Using a different approach, new software-based design tools employ libraries of pre-simulated models based on typical designs, materials, traces, and vias. Designers select the models they want, push the enter key on their computer, and get results almost immediately. The software allows first-order system approximation, giving designers new insight into critical parameters for developing a new system. Designers are being tasked with getting their systems to market more rapidly, and they are using more high-speed interconnects. As a result, automated design tools will gain in importance and value.
New Approach for Mezzanines
High-speed mezzanine systems offer another route to drive increasing data speeds. With tunable differential pairs that enable matched impedance configurations, single-ended lines, and power combined with a range of stack heights and compliant pin terminations, the high-speed mezzanine connectors are enabling data rates up to 56Gb/s. These are appropriate for high-speed infotech and telecom applications, among others.
The typical attachment for mezzanine connectors is either press-fit or SMT (along with some compression versions), with both options presenting advantages and disadvantages, such as the process easiness of a press-fit mezzanine connector, while SMT connectors typically drive enhanced performance by allowing footprint optimization and removing stub effect from the compliant pin. The downside is mainly centered on the rework aspect, which is more challenging than a press-fit attachment.
In recent times, new technologies have reduced the performance gap between SMT and press-fit, to the point that the difference is null in a real channel; so when matching the signal integrity it becomes more of a preference option to design either attachment method, which will be mainly driven by layout, routing, and board thickness (among other variables). In addition, compliant-pin technology allows system designers to rework the board and maximize system utility while achieving the necessary signal integrity.
Finally, employing a triad wafer design, the high-speed mezzanine connector offers the following options: High-speed differential pairs that can be tuned to 85- to-100-ohm impedances, single-ended triads for low-speed options, and power triads. As a result, designers need only one connector for different signal speeds, freeing up space on the PCB for a true reflection of the designer’s preferred pinout.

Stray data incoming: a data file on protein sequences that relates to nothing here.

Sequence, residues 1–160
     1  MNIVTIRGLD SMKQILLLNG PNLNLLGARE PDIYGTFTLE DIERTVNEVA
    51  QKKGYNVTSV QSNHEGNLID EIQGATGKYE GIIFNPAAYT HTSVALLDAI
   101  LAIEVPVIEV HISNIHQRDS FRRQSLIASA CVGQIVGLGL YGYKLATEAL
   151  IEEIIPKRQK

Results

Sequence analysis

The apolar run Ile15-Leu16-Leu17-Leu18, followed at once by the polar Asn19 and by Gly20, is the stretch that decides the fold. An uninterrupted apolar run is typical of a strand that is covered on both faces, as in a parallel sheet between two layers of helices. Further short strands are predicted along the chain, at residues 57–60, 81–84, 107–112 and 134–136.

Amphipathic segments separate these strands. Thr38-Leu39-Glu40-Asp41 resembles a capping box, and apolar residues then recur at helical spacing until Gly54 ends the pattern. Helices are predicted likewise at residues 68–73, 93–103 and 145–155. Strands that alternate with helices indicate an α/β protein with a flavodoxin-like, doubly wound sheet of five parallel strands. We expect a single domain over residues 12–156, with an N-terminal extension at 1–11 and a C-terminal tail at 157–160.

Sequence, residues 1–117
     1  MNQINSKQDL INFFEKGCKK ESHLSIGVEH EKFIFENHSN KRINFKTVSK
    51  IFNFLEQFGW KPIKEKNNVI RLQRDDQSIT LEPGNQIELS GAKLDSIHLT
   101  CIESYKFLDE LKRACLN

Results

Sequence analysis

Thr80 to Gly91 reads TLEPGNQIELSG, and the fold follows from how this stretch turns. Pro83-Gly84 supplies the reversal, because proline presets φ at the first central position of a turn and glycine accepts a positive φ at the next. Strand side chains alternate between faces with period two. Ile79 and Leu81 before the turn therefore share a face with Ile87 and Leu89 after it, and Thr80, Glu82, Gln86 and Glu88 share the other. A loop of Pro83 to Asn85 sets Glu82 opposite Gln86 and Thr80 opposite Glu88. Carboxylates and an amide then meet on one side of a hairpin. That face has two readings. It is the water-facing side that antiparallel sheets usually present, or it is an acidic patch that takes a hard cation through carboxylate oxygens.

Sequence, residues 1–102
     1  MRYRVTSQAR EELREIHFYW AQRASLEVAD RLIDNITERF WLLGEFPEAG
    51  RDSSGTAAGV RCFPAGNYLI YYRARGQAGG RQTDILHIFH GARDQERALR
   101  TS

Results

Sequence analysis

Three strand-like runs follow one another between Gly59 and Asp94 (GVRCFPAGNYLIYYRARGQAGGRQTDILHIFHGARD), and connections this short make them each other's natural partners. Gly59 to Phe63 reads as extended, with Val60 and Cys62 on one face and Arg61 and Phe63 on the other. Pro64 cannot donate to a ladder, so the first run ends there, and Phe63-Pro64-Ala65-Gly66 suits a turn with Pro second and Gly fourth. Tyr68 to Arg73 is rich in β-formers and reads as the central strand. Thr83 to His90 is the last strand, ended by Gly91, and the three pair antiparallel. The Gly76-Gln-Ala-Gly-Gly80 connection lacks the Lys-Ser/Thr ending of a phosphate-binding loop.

Thermal Management Strategies
As speeds increase and new modules enter the market, enhanced thermal management solutions are becoming a key element for next-generation systems.
For example, stacked connectors deliver higher speed but use about 4.5 to 5W more power — and produce more heat — in 100Gb/s QSFP modules than standard interconnects.
For the most part, temperatures in enterprise systems must be controlled to below 70°C in the module and below a 45°C ambient temperature in the enclosure. Otherwise, the result can be degradation in reliability and overall performance decline.
One successful new heat management approach is to design-in internal riding heat sinks and high-flow cages that can optimize air movement. Utilizing these technologies reduced overall temperature in an emulated 5W optical QSFP module by 9°C. Thermal management strategies like this one will be vital for next-generation modules that are required to support at least 7W (or more).
As we move into the fast-data future, new interconnect solutions must enable both advanced technology and increased network bandwidth. Successful products will need the capability to support a wide range of data rates using multiple connector shapes and sizes. New designs must meet demanding high-speed performance requirements while providing next-generation efficiency and reliability.
Author Jairo Guerrero is director of marketing, Enterprise Business Unit, Molex LLC.